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With YKA MHM Fellow Vineet, Sabna launched Menstratalk, a campaign that aims to put an end to period poverty and smash menstrual taboos in society. As a start, the campaign aims to begin conversations on menstrual health with five hundred adolescents and youth in Delhi through offline platforms, and through this community mobilise support to create Period Friendly Institutions out of educational institutes in the city.

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A student from Delhi School of Social work, Vineet is a part of Project Sakhi Saheli, an initiative by the students of Delhi school of Social Work to create awareness on Menstrual Health and combat Period Poverty. Along with MHM Action Fellow Sabna, Vineet launched Menstratalk, a campaign that aims to put an end to period poverty and smash menstrual taboos in society.

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As a Youth Ki Awaaz Menstrual Health Fellow, Nitisha has started Let’s Talk Period, a campaign to mobilise young people to switch to sustainable period products. She says, “80 lakh women in Delhi use non-biodegradable sanitary products, generate 3000 tonnes of menstrual waste, that takes 500-800 years to decompose; which in turn contributes to the health issues of all menstruators, increased burden of waste management on the city and harmful living environment for all citizens.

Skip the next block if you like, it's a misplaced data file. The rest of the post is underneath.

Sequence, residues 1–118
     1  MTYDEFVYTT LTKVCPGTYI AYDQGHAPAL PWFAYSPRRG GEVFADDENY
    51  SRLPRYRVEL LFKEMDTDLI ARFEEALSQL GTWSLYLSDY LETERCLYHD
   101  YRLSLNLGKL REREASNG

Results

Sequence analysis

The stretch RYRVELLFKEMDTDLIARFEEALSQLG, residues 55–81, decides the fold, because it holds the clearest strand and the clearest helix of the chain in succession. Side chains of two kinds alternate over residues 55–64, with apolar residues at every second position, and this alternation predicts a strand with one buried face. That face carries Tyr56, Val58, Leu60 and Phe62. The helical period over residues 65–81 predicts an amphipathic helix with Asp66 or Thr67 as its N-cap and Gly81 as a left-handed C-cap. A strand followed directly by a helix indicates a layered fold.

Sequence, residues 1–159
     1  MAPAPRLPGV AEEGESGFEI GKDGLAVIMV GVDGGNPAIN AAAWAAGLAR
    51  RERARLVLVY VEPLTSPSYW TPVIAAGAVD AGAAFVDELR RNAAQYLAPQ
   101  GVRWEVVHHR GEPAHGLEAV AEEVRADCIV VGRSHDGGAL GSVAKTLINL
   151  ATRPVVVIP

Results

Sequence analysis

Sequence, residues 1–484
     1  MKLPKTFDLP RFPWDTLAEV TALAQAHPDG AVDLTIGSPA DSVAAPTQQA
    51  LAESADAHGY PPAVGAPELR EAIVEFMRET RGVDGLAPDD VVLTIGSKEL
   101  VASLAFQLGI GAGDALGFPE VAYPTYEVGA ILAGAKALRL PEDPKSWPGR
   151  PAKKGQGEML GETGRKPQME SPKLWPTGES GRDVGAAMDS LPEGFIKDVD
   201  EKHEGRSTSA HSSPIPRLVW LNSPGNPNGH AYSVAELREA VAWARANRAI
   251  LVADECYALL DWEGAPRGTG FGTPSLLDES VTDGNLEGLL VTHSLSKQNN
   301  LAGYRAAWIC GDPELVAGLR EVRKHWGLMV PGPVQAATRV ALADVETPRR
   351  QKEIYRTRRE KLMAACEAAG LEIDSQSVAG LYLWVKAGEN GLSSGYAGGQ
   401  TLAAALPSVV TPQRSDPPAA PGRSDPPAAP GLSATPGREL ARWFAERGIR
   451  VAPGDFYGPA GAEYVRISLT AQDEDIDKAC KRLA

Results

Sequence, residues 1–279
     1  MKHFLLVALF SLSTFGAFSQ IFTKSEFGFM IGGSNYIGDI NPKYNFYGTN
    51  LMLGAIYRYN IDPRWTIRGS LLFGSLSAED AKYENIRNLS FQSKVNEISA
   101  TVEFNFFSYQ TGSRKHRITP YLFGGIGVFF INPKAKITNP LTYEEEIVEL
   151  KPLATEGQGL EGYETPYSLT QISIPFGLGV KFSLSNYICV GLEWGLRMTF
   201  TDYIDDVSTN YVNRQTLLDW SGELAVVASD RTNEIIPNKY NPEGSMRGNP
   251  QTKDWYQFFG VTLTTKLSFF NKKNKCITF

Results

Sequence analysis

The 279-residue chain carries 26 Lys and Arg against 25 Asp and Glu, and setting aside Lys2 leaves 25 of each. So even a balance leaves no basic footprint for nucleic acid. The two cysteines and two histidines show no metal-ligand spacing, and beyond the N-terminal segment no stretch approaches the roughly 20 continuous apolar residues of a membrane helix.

Let’s Talk Period aims to change this by

Find out more about her campaign here.

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A former Assistant Secretary with the Ministry of Women and Child Development in West Bengal for three months, Lakshmi Bhavya has been championing the cause of menstrual hygiene in her district. By associating herself with the Lalana Campaign, a holistic menstrual hygiene awareness campaign which is conducted by the Anahat NGO, Lakshmi has been slowly breaking taboos when it comes to periods and menstrual hygiene.